Examples of ETC-LUSI thematic priorities.

Indicators currently working on

The European Environment Agency (EEA) has developed a Core Set of Indicators (CSI) with the aim of:

The ETC/TE has developed 2 of the 35 indicators of the CSI.

The first one is the CSI14 - Land take indicator, which answers the question “how much and in what proportion is agricultural, forest and other semi-natural and natural land being taken for urban and other artificial land development?”.
The specifications on how this indicator is calculated and the related assessment of the results obtained can be found here.

The second one is the CSI15 - Progress in management of contaminated sites indicator, which answers the question “How is the problem of contaminated sites being addressed (clean-up of historical contamination and prevention of new contamination)?”. The specifications on how this indicator is calculated and the related assessment of the results obtained can be found here.

Published indicators

The following ETC/TE indicators have been published by the EEA either in some reports and in the EEA indicators web page. You'll find the link to both.

The versions you can find in the above mentioned web page are the last ones that the EEA has endorsed. However, all these indicators are revised and updated using new data by the ETC/TE.

Unpublished indicators

The following ETC/TE indicators have not been published yet by the EEA. They are under revision.

Land cover affected by flooding
Land cover affected by flooding in the last five years. This indicator identifies which land cover types have been affected by flooding within the European watersheds during the last five years, and compares the results to the total land cover proportion by watershed.
Land use and land cover change within and in the surroundings of designated areas
This indicator acts as a synoptic measure for more specific environmental and natural resource changes significant to designated areas specifically, and to sustainable development, generally. It identifies the major pressures around nature-designated areas through the changes in land cover within and around them. It can be used complementary to other indicators related to population, nature conservation and sustainable development. Also, it is a useful tool for land planning and nature management as it allows an assessment of the possible positive and negative impacts of certain land cover typologies on the nature-designated areas as well as their buffer zones.

This indicator is calculated within and in the surroundings of Designated Areas. The surrounding is represented by two buffers of 1 km and 5 km around the designated area boundary.The indicator records the percentage and absolute area of change in each of the specified land use/land cover categories, together with the direction of the change (from which category to which category the change has occurred).The changes are defined based on the Corine Land Cover nomenclature.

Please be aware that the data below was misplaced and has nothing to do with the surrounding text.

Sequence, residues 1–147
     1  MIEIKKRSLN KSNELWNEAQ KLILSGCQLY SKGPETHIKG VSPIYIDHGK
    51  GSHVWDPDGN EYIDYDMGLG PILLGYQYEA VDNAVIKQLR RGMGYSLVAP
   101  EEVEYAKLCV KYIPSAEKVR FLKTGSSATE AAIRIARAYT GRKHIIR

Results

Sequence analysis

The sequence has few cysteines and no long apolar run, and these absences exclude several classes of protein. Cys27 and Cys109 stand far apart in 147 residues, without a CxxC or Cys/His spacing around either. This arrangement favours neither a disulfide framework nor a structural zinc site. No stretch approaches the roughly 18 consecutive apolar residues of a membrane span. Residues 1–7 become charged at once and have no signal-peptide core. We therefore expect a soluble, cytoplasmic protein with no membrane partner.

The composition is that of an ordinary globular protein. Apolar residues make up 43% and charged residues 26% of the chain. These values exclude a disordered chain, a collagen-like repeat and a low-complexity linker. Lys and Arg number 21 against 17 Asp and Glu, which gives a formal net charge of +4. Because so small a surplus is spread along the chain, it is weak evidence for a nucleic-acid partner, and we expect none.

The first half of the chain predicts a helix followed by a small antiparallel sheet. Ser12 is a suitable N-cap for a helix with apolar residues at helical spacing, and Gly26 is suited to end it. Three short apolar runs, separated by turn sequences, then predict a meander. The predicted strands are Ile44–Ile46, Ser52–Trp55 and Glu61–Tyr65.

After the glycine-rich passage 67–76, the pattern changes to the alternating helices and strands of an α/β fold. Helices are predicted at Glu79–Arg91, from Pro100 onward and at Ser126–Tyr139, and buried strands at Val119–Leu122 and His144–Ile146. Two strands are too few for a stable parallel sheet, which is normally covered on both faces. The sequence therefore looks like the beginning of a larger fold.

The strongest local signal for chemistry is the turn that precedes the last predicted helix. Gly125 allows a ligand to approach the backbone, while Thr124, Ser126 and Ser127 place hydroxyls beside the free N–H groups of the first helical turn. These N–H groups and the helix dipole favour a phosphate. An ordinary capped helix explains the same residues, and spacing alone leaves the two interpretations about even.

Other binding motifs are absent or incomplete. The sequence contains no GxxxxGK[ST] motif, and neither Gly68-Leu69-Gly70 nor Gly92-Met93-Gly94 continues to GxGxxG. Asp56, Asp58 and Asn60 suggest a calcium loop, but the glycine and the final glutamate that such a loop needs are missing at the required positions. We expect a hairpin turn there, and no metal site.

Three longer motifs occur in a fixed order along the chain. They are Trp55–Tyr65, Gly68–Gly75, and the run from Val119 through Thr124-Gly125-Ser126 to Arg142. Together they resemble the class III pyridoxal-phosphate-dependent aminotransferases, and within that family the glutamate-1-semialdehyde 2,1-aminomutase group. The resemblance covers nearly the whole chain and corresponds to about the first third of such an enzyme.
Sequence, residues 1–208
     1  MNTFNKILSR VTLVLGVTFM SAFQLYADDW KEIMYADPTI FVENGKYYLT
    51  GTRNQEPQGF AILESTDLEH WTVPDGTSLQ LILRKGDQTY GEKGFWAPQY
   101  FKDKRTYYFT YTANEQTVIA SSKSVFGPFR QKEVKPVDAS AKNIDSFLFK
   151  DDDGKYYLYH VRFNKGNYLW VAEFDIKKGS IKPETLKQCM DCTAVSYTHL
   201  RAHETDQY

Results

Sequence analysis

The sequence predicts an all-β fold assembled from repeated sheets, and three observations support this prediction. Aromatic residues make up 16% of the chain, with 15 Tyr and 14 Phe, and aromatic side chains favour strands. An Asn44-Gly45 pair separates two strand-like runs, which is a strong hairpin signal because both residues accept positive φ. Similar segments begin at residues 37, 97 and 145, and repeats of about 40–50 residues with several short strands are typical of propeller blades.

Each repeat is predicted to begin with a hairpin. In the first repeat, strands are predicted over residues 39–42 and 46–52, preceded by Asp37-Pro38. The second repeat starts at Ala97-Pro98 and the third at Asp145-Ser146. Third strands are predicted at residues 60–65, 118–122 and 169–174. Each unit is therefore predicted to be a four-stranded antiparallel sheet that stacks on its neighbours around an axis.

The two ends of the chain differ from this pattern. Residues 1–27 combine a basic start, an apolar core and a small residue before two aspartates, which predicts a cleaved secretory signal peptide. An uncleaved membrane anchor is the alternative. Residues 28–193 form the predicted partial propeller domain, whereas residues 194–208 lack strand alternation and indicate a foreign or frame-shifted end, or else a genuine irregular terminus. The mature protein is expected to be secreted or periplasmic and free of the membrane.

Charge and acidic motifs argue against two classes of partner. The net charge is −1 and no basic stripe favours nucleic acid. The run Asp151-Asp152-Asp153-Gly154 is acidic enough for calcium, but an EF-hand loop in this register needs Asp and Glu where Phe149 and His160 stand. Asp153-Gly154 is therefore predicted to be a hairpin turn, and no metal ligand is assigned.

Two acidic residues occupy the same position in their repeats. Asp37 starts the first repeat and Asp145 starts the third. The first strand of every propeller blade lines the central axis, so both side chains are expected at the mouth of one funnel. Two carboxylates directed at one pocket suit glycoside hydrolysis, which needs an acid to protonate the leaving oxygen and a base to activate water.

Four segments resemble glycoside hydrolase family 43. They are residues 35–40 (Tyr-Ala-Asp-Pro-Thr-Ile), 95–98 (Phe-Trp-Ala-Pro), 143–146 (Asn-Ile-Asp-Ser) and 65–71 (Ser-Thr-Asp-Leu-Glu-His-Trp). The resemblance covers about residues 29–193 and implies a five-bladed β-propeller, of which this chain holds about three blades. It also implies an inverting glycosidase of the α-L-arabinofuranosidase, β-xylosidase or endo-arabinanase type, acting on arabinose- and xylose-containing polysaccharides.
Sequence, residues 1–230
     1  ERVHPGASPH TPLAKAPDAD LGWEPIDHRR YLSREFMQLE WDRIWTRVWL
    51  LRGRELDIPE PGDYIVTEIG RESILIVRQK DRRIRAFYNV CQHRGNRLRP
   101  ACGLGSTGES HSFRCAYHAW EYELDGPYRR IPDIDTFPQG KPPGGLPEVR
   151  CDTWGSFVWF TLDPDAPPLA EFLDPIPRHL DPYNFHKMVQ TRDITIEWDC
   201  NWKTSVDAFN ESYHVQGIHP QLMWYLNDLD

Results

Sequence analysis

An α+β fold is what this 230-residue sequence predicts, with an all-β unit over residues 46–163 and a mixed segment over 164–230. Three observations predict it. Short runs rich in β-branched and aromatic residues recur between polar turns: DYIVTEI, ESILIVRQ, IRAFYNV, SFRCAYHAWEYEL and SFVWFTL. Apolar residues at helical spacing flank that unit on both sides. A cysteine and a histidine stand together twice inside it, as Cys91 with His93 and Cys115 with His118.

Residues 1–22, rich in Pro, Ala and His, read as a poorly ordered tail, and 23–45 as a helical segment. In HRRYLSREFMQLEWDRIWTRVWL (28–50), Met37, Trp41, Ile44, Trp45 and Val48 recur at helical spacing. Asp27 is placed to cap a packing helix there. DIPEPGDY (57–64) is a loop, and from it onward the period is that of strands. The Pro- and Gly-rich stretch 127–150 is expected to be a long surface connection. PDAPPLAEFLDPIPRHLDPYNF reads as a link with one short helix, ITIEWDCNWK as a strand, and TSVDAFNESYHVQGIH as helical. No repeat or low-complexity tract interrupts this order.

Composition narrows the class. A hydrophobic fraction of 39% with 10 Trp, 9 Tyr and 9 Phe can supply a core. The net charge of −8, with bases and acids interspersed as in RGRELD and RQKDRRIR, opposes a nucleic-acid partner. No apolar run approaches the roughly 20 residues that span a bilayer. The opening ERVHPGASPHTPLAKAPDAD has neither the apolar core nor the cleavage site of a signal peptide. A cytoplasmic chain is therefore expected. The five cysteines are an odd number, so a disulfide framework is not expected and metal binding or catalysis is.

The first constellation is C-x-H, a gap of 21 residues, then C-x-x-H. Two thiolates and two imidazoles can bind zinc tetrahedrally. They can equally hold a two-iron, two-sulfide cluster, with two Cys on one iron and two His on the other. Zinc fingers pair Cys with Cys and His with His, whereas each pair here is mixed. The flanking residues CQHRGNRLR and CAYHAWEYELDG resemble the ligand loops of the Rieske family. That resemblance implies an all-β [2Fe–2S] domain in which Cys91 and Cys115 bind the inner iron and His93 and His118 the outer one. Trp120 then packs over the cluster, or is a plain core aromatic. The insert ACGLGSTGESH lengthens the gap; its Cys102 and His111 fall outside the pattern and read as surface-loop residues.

Land use change
Land use (topological) change is defined as the exits from agricultural land use, broken down by non-agricultural sectors. This land use change represents the conversion of land to non-agricultural use. The driving forces for this land use change are the socio-economic demands of the non-agricultural sectors on the agricultural sector.
Land cover change
Land cover change is defined as the entries and exits to and from agricultural land use and semi-natural/natural areas. Land cover change represents the conversion of land within agriculture and from agricultural to semi-natural/natural areas, or vice versa. The pressures for land cover change are from the agricultural sector in response to socio-economic factors and / or legislative incentives or requirements.
Impact on landscape diversity
This indicator aims to describe the impact of agricultural land use on landscape diversity by tracking the evolution of indices of agricultural land use diversity as well as of selected landscape elements.
Pressures on coastal ecosystems
In the scientific literature, pressures on coastal ecosystems are identified as main disturbances that may affect, directly or indirectly, habitats and ecosystem health in the coastal area. Anthropogenic disturbances along shorelines are defined as any direct alteration by human activity, which may constitute a threat to the conservation of biological diversity and ecosystem health. The extent of anthropogenic disturbances in coastal areas is assessed according to the following parameters, taking into account that coastal is both land and sea and therefore, distrubances should be envisioned for both areas:
  1. The development along shore, in term of surface occupied by uses such as built up, infrastructures incl. harbours and marinas, industrial sites and intensive agriculture.
  2. The rate of development along the shore of these different land uses.
  3. Navigation facilities by km/shoreline & accidents main spots.
  4. Rate of sea traffic intensity.
Change in coastal erosion patterns
In order to define the main trends of coastal processes in Europe a set of databases will be crossed, such as Corine Coastal erosion, Dominant Landscape Type and Natura 2000. All this information will be analyzed using the coastal units. An update will be done when Eurosion database will be available. Main characteristic defined will be:
  • % of Number of km of Eroding coast (problem, confirmed)
  • % of Number of km of Stable coast
  • % of Number of km of Accreting coast (problem, confirmed)
  • % of the trends described bellow for each Corine class (90 and 2000 when available) and DLT-Dominant Landscape Types
  • % of the trends described in the protected zones by Natura 2000
Risk of contamination of water bodies from contaminated sites
Risks of contamination of surface and groundwater from mining dump sites, industrial sites, waste landfill or other sites.
Urban sprawl